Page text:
Honestly, light is to a photographer what “squirrel” is to a hunting dog. Am immediate and irresistible distraction. Add to the mix that I have ADD level distractedness and you have a recipe for periodic dalliance.

I went back to my journal entry and finished it. Closing the Clairfontaine notebook that has become my addiction, I was caught again. Light was chasing me. Taunting me.

Photo Jun 22, 6 56 28 AM

This time I placed my favorite Aurora fountain pen on the notebook and snapped a shot. And looked around. An old calculator used last night was finding new life under the fractured light.

Photo Jun 22, 6 56 05 AM

Then the light reasserted itself and I recaptured my notebook thinking that the objects aren’t really what we see. What we see is the reflection of light in a way that our brains interpret the waves bouncing against the back of our eye sockets. What my image captures is the illusion I live in every day.

Photo Jun 22, 6 53 58 AM

Then I looked outside and remembered how many times I have sat on the deck and tried to understand what light shows me every day. Sometimes it is a rainy moment, reflecting the grey sky while giving up the textures below the water. The lines on the notebook page made me think of an image I found during the previous day’s rain.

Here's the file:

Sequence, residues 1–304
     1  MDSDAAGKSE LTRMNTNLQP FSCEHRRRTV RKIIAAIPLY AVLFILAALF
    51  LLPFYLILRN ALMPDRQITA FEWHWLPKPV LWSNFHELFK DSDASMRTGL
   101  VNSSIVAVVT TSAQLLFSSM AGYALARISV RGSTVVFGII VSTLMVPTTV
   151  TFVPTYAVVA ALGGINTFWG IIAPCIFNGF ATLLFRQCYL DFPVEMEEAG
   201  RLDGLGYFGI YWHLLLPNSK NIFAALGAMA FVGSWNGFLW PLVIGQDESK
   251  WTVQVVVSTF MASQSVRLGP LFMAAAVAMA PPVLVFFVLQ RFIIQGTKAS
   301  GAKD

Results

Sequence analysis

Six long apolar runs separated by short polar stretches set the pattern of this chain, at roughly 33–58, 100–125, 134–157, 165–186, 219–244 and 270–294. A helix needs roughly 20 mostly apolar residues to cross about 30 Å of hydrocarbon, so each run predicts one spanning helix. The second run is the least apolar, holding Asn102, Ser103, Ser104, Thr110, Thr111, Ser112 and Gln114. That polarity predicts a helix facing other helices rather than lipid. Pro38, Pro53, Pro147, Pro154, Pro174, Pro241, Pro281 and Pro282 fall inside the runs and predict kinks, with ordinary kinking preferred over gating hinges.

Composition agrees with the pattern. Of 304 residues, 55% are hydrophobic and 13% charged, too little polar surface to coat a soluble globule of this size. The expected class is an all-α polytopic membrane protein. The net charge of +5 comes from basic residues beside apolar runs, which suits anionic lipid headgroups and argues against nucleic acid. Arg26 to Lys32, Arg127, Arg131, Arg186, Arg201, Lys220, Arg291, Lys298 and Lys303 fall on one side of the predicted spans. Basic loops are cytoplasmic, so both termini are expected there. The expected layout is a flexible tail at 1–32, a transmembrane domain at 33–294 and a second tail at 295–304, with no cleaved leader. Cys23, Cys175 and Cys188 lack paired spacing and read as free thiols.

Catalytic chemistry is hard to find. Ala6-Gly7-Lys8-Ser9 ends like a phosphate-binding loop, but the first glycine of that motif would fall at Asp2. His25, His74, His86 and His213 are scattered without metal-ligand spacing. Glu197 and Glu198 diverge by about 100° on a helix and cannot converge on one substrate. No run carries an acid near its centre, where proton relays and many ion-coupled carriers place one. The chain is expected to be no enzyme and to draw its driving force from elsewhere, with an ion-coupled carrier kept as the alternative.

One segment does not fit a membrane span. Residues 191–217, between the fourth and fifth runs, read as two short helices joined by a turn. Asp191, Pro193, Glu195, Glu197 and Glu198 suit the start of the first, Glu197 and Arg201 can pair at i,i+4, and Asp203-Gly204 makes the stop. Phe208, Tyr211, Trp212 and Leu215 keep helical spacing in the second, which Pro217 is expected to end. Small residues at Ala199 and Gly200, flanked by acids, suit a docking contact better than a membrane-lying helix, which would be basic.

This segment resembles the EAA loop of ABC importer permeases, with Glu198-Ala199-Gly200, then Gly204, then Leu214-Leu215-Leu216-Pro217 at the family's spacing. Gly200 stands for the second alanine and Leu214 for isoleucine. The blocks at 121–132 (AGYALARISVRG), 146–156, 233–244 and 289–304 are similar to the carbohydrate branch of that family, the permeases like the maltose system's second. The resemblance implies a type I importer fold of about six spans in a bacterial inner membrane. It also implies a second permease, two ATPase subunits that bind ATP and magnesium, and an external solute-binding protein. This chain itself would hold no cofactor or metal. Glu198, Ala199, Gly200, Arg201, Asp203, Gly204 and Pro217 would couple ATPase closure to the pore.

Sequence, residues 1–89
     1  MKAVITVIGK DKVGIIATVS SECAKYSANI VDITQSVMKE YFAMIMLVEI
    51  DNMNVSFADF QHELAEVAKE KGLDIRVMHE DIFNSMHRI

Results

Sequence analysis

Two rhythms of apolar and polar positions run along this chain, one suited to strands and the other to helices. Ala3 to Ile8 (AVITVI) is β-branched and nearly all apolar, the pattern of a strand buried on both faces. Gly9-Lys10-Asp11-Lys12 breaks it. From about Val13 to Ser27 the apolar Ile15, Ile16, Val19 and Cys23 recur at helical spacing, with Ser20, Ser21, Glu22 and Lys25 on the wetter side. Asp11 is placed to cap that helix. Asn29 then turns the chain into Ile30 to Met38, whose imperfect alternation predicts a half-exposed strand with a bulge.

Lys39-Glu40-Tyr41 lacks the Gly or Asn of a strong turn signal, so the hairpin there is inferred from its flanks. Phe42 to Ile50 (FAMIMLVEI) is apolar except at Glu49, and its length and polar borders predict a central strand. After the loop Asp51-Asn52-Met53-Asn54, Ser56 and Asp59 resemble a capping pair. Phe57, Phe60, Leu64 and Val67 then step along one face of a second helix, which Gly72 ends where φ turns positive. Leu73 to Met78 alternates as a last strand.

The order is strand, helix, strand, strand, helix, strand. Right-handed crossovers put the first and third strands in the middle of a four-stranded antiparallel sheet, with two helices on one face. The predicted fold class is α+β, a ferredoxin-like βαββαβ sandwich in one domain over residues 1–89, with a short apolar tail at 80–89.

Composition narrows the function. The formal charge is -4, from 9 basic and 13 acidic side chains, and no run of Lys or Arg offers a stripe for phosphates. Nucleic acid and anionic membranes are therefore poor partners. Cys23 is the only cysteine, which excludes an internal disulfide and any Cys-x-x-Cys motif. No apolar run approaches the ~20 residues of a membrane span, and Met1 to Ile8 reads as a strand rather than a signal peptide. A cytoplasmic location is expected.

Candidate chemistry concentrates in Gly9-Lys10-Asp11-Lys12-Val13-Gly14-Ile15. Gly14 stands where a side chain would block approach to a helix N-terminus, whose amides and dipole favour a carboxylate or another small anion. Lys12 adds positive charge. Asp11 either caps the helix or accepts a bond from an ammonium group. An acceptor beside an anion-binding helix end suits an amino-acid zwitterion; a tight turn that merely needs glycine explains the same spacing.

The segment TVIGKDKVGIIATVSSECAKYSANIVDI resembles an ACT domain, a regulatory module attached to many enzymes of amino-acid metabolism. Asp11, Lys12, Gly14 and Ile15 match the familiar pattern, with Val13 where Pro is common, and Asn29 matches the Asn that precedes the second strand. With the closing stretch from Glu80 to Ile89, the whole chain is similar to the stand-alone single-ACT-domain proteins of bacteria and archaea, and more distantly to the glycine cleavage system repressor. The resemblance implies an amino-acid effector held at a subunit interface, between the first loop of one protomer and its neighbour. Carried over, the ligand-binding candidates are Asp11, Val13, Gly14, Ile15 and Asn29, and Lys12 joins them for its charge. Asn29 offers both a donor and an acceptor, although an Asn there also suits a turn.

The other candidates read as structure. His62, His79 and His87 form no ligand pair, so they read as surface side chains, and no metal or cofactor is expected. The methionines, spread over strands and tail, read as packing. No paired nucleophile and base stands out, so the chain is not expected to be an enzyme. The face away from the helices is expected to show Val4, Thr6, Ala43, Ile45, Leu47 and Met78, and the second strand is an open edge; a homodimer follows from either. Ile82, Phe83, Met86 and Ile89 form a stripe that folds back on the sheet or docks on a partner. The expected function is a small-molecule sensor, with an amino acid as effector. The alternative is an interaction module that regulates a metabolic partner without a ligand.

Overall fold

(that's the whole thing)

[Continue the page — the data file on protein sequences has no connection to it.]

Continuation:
Photo Jun 21, 5 57 01 AM

I usually don’t crop photos, although I have no set rules. In this case I liked the plants hovering at the top of the image. They seemed to fit with the gleaming sky against the patterned wood. A set of textures and touching textures.  Lost in the gleam of sky I remembered another image from a few days earlier.